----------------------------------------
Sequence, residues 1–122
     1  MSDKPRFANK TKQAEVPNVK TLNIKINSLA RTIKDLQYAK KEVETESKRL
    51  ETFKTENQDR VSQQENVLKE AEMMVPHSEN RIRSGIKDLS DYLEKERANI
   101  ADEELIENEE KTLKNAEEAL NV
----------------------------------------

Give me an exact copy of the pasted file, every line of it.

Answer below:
Sequence, residues 1–122
     1  MSDKPRFANK TKQAEVPNVK TLNIKINSLA RTIKDLQYAK KEVETESKRL
    51  ETFKTENQDR VSQQENVLKE AEMMVPHSEN RIRSGIKDLS DYLEKERANI
   101  ADEELIENEE KTLKNAEEAL NV